because I’m a hideous tease. (And very proud of my work.)
“The most important question here is whether or not you think homosexuality is sin”, the comment read.
I’d written an ‘open letter’ to the Church on my blog. In that letter I described a few things I’d witnessed as a Christian and how I felt that Christianity’s ostracizing homosexuals was hindering Jesus’s work. Throughout the entire body of the letter I never once said that homosexual acts were not sinful- just that having the sexual orientation in and of itself could not be seen as sinful.
Forty or so of the people who commented agreed with me wholeheartedly- many of them Christians of an “aberrant sexual orientation” who were blessedly relieved to hear a heterosexual Christian girl take up their defense.
Ten or so of the people who commented were so vehemently opposed to the idea of taking a more accepting stance towards homosexuals that they accused me- a devoted Christian- of being blindingly deceived by the devil. What I found the most interesting about this exchange was that the gays who commented didn’t seem the least bit put off by the fact that I didn’t say that homosexual acts weren’t sinful. All they cared about was the fact that I said that sin didn’t bar you from knowing God’s love or otherwise Christ’s sacrifice was for naught. I treated them as an equal, and that evoked a very warm and positive response. Even from atheists! (Or, perhaps, especially from atheists and agnostics, who lauded my “lack of Christian hypocrisy”.)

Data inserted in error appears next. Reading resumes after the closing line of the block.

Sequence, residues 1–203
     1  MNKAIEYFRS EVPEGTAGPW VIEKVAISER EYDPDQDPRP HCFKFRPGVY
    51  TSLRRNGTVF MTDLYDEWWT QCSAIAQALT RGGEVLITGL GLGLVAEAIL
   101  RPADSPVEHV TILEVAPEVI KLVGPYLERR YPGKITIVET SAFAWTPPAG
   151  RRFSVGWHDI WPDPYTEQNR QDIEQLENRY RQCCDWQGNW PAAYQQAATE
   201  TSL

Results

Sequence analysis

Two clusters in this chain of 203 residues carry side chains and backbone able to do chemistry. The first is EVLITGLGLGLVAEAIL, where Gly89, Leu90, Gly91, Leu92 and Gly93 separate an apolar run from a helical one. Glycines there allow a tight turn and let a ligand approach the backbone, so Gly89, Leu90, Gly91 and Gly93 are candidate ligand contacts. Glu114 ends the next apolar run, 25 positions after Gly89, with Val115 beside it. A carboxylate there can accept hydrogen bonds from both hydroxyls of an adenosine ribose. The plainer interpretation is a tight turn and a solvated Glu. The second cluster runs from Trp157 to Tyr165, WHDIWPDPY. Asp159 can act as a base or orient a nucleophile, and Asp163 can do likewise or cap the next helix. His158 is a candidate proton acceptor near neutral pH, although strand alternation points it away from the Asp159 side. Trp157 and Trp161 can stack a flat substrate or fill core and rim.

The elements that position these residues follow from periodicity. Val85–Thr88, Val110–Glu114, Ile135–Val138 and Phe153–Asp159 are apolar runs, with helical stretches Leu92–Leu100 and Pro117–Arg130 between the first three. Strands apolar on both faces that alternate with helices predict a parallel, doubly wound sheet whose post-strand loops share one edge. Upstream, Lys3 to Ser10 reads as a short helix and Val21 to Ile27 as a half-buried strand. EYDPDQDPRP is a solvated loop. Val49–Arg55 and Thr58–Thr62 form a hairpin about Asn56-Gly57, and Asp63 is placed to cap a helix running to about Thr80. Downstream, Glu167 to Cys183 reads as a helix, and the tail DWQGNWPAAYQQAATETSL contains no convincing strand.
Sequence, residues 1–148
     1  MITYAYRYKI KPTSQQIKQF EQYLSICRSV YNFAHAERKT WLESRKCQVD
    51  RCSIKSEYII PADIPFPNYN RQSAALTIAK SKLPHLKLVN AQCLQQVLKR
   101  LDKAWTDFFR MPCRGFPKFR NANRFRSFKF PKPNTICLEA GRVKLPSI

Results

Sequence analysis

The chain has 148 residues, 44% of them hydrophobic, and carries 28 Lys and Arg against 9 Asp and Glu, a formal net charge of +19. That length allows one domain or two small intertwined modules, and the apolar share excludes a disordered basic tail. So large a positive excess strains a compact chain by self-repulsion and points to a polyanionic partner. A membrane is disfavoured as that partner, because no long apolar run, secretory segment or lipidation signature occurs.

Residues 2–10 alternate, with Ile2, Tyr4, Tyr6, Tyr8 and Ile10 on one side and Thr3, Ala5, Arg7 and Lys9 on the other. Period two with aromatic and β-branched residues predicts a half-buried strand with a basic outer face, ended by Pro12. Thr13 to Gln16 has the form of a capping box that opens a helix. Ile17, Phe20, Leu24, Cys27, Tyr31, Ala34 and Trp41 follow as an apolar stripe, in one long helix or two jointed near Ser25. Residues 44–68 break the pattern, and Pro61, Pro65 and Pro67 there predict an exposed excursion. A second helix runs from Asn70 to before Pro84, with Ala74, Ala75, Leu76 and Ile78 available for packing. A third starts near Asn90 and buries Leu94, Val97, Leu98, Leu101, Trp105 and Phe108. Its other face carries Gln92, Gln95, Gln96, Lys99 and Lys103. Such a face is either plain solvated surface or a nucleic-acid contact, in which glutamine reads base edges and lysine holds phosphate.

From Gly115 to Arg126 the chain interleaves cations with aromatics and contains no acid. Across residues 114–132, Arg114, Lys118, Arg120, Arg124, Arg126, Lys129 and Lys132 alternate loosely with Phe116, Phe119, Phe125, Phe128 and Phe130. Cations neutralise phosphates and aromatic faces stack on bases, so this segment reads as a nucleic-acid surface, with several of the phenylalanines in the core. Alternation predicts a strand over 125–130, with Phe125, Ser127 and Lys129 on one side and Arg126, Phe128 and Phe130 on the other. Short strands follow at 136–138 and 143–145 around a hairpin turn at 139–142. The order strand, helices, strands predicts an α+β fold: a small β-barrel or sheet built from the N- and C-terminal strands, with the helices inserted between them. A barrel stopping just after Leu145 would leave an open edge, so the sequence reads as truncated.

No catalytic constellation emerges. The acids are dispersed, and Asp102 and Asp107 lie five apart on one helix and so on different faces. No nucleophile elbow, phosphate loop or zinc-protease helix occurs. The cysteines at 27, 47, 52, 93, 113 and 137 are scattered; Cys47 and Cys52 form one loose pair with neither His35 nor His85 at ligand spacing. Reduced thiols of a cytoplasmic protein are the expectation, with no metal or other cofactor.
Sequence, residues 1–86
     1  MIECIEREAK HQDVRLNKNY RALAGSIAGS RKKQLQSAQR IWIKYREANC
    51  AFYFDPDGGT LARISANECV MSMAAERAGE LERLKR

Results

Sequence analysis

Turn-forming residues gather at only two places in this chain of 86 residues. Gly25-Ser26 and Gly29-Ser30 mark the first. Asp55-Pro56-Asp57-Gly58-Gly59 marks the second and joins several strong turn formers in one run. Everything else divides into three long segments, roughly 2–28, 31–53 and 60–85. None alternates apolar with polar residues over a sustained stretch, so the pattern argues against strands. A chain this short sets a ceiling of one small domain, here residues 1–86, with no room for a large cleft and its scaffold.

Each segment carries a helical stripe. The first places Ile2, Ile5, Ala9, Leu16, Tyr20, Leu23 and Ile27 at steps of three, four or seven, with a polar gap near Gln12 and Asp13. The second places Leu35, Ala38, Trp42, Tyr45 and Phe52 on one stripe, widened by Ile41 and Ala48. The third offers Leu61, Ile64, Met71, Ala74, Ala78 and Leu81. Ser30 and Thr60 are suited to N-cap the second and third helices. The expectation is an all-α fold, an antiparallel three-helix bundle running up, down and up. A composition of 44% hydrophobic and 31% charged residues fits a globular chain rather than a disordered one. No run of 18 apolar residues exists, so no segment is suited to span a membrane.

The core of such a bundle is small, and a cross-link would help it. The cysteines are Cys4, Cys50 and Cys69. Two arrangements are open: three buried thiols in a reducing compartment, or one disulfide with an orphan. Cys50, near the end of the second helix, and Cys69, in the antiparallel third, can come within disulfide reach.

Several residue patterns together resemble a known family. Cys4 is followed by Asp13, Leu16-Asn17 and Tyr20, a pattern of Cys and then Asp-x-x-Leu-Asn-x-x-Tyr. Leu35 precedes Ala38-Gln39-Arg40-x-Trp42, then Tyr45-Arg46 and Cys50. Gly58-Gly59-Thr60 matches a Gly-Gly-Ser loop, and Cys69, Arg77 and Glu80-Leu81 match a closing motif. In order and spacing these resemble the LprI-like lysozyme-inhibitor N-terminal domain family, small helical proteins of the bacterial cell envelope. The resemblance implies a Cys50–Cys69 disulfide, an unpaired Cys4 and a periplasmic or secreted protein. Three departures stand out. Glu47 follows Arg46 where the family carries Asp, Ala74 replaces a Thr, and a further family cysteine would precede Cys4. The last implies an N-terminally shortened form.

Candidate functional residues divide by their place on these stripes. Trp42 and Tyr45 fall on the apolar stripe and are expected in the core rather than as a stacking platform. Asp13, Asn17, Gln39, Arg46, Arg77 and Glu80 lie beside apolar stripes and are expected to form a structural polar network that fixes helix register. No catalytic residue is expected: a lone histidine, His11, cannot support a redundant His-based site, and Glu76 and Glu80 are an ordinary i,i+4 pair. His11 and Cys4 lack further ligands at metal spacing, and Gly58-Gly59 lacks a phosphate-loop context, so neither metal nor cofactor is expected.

What really, really dug into me was the fact that my fellow Christians seemed to think that because I didn’t rail against homosexuals, I must not have faith. Or I must not have the right kind of faith. Or, at the very least, that the issue of my own faith was now open for discussion. But I could take that with a grain of salt, as none of them knew me personally.
So what I took issue with the most was the opening statement of this book- “the most important thing here is whether or not you think homosexuality is sin.”
So, dear readers, let me tell you- the least important thing here is whether or not you think homosexuality is sin. The most important thing here is whether or not you think that people who fall out of the type of mainstream Christianity I’ve heard jokingly referred to as the “straight, white and narrow” are still people whom God loves. Does God love the gays? Does he want to have a relationship with transvestites and cross-dressers? Does he see punks and rockers as people he wants to redeem? When you go into the seedy underbelly of our world and see all of the people whom are farthest removed from our cozy suburbs and Sunday morning faith- are these people with whom we are still called to mission?
That is the most important question here. And just so we are as absolutely clear on it as we can be- I believe the answer is a gong-like resounding “YES.”